Friday, September 11, 2009

Falling Man

Remembering The Falling Man 911

Across the entire global community there seems to be no alignment of agreement on ethics in relation to the journalistic press or the photo journalistic press. There are varying degrees of  guidelines and principles for all the strata of output in the media in the twenty first century.

The cultural evolution theory developed by the nineteenth century anthropologist Lewis Henry Morgan is a stiff ethnocentric model that I found difficult to place over any society in the world. He put forward the idea that societies developed from the first stage of savagery onto barbarism then finally reaching civilization.

I found this view a little narrow and a little shallow until I began to focus on the microcosm of society that is the world’s press, in this context the model sat very well.
All aspects of Morgan’s cultural evolution theory reside in both the shallowness and depths of the worlds printed and broadcast media. From tabloids to broadsheets, from rolling news to in-depth reports directly from the centre of disasters and war.

The savage, the barbarian, and the civilized exist together. These various media formats feed us their view of world events static and unfolding. The savage paparazzi, who dive to lower and lower depths of unethical behavior to achieve images for reward. The barbaric photojournalism of war, human suffering and the occasional attempt at civility by the more ethically sensitive media. Some at least try to find a balance towards the honor of the individual and human dignity.

It is a fact that a picture paints a thousand words. A photograph is revealing to the viewer and revealing of its subject. One image still etched in my mind as regards ethical issues and the privacy of the individual is the 2001 image of “The Falling Man” .

This image appeared in newspapers across the globe in the day’s post 911; it is heralded as an iconic image in the same vain as the Unknown Soldier.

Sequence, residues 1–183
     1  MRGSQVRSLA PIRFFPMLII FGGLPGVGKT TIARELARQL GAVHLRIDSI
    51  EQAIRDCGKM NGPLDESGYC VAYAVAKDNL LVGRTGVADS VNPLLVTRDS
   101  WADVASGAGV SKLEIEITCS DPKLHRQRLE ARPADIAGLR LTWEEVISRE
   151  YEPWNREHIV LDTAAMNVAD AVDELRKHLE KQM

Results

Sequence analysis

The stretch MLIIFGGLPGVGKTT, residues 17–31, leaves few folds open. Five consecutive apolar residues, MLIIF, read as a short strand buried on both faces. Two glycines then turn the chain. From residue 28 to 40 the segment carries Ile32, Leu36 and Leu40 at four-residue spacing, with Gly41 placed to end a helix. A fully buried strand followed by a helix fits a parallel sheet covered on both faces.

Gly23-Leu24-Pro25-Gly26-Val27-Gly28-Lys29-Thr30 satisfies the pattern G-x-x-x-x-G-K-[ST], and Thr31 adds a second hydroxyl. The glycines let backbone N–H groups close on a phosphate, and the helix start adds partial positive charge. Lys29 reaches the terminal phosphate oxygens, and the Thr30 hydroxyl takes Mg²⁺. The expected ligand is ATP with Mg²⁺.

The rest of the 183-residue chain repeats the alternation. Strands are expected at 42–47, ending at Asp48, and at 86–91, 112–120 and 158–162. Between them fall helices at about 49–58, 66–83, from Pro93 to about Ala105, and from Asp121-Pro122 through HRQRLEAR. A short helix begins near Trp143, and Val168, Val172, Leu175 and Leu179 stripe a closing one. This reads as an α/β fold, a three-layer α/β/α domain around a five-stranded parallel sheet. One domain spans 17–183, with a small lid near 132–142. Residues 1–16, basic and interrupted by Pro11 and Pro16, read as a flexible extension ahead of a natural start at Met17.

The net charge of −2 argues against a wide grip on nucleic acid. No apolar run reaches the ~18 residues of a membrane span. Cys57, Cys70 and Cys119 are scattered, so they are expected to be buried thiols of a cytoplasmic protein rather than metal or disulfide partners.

In a documentary made at the time, it was put forward as a heroic image of an American in an elegant gracefully fall.

The fact is, this is an image of a man in the last few seconds of his life. A very private moment stolen by the click, click, click, of a press photographer. The photojournalist job that day was to get exclusive graphic images to sell to the networks.

Now, one could argue that the latter was perhaps in the public interest or that the public has a right to know allowing ethical considerations being overridden.

Journalism and the freedom of the press has an ethnology all of its own. The victim falling to his death on 911 did not go to work to become an icon of a tragic day.
It is unfortunate how a murdered man becomes a reluctant hero in his dying moments and this somehow brings a badge of honor to the photojournalist who captured this barbarism.

The photograph was subsequently used to eventfully identify the man but that also brought up issues which evoked anger and shame. Somehow the people who fell from the twin towers that day became referred to as jumpers. This implied that they committed suicide which some people associated with shame.

Journalists and photojournalists have a responsibility to bring us news, to investigate on our behalf. They also have a responsibility to attempt to achieve equilibrium between their story gathering abilities and the right to the privacy and dignity of an individual.

Where is the point that people must relinquish their privacy as they perhaps become celebrities? If you rise your head above the parapet you are it seems, automatically relieved of autonomy over your private life. Moral sensitivity good taste and compassion are required on the part of journalists especially when they are reporting about victims of accidents or other tragedies.

If you die because of an act of terrorism and your dying image is captured on film you become an overnight celebrity, a hero, an icon, somehow transmuted from an ordinary individual to someone owned by the world? In your life perhaps you were an unremarkable person and in your death you become a moral dilemma, something to be honed and cooked up into a media offering for the masses to digest.

RIP to all victims of 911

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